My wife and I attended an independent fundamental Baptist church for eight years after we accepted Christ. After a very long prodigal “season” we attended a Southern Baptist church for a year. For the last sixteen months we’ve been worshipping at a nondenominational evangelical church. The church began as a Baptist church and has a long history. Several years ago the church decided to shed the “Baptist” label to appeal to more people although Baptist teaching and polity are still followed.

I’m somewhat knowledgeable about the history of the Baptist movement and I’m personally most comfortable within that faith tradition. Evangelical churches generally have a list of basic beliefs they follow with the Gospel of salvation by God’s grace through faith in Jesus Christ at the core. There’s some evangelical churches that I couldn’t comfortably worship at because of their beliefs regarding secondary doctrines but we’re still all united in our faith in Christ.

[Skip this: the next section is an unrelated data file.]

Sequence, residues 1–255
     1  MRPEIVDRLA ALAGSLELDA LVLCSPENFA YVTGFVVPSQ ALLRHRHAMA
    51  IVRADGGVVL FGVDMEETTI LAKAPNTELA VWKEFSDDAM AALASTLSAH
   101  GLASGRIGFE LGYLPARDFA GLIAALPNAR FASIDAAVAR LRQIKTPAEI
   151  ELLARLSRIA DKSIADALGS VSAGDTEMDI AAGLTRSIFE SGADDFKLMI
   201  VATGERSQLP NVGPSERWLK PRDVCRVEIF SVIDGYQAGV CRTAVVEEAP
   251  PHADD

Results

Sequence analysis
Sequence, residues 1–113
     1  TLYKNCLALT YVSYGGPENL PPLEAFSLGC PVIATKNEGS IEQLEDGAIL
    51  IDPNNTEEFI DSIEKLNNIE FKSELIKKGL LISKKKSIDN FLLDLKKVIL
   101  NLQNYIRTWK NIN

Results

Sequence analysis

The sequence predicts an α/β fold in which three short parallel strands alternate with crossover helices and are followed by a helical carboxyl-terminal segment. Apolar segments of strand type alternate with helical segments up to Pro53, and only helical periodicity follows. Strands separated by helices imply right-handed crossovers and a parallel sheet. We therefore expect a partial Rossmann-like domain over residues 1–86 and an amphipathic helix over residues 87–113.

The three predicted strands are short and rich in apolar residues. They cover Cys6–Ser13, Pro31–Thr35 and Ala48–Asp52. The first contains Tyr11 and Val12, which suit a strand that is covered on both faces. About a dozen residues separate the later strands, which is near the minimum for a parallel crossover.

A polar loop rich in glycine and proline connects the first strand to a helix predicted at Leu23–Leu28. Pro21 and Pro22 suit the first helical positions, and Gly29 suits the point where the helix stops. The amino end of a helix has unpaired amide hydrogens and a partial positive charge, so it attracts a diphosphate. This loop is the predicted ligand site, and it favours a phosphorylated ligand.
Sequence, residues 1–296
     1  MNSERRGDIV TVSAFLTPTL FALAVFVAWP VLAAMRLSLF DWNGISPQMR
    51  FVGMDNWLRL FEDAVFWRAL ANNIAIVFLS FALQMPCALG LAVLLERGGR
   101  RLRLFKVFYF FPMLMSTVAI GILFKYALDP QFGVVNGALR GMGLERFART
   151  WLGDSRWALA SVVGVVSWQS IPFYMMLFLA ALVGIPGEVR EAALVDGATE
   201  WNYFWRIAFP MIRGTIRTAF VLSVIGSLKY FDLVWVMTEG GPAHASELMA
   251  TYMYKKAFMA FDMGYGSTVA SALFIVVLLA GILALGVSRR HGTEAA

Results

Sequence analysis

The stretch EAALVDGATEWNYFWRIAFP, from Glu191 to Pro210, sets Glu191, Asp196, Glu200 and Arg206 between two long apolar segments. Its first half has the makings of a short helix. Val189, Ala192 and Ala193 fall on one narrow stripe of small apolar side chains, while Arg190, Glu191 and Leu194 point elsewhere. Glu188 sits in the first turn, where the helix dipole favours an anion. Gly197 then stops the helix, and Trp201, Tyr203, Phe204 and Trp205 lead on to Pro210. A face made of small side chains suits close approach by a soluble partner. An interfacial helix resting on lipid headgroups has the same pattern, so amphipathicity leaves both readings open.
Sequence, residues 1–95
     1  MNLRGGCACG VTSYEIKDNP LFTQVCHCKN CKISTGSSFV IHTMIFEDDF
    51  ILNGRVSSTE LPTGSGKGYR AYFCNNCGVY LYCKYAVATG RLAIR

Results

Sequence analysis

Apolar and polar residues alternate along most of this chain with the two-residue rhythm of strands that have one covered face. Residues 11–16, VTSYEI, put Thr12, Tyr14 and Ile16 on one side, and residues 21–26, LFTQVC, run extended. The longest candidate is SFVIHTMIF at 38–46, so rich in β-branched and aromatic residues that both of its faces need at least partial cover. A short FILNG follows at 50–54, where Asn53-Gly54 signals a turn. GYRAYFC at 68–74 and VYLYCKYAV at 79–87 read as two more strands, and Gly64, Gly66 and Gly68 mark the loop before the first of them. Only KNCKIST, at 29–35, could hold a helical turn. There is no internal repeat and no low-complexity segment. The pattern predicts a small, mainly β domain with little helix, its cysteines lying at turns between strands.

Christians have been formulating creeds, confessions, and statements of core beliefs for centuries in an attempt to summarize the faith. Some statements have been more helpful than others. The early creeds were woefully deficient because they didn’t spell out exactly HOW a person appropriates the free gift of salvation by God’s grace through faith in Jesus Christ alone. Billions have recited the Apostles’ and Nicene Creeds over the centuries without ever accepting Christ as Savior by faith.

The Reformers of the 16th and 17th centuries strove to return the church to the simple, saving faith proclaimed by the New Testament church. The movement was centered around what came to be known as the Five Solas of the Christian faith:

  • Sola Fide, by faith alone.
  • Sola Scriptura, by Scripture alone.
  • Solus Christus, through Christ alone.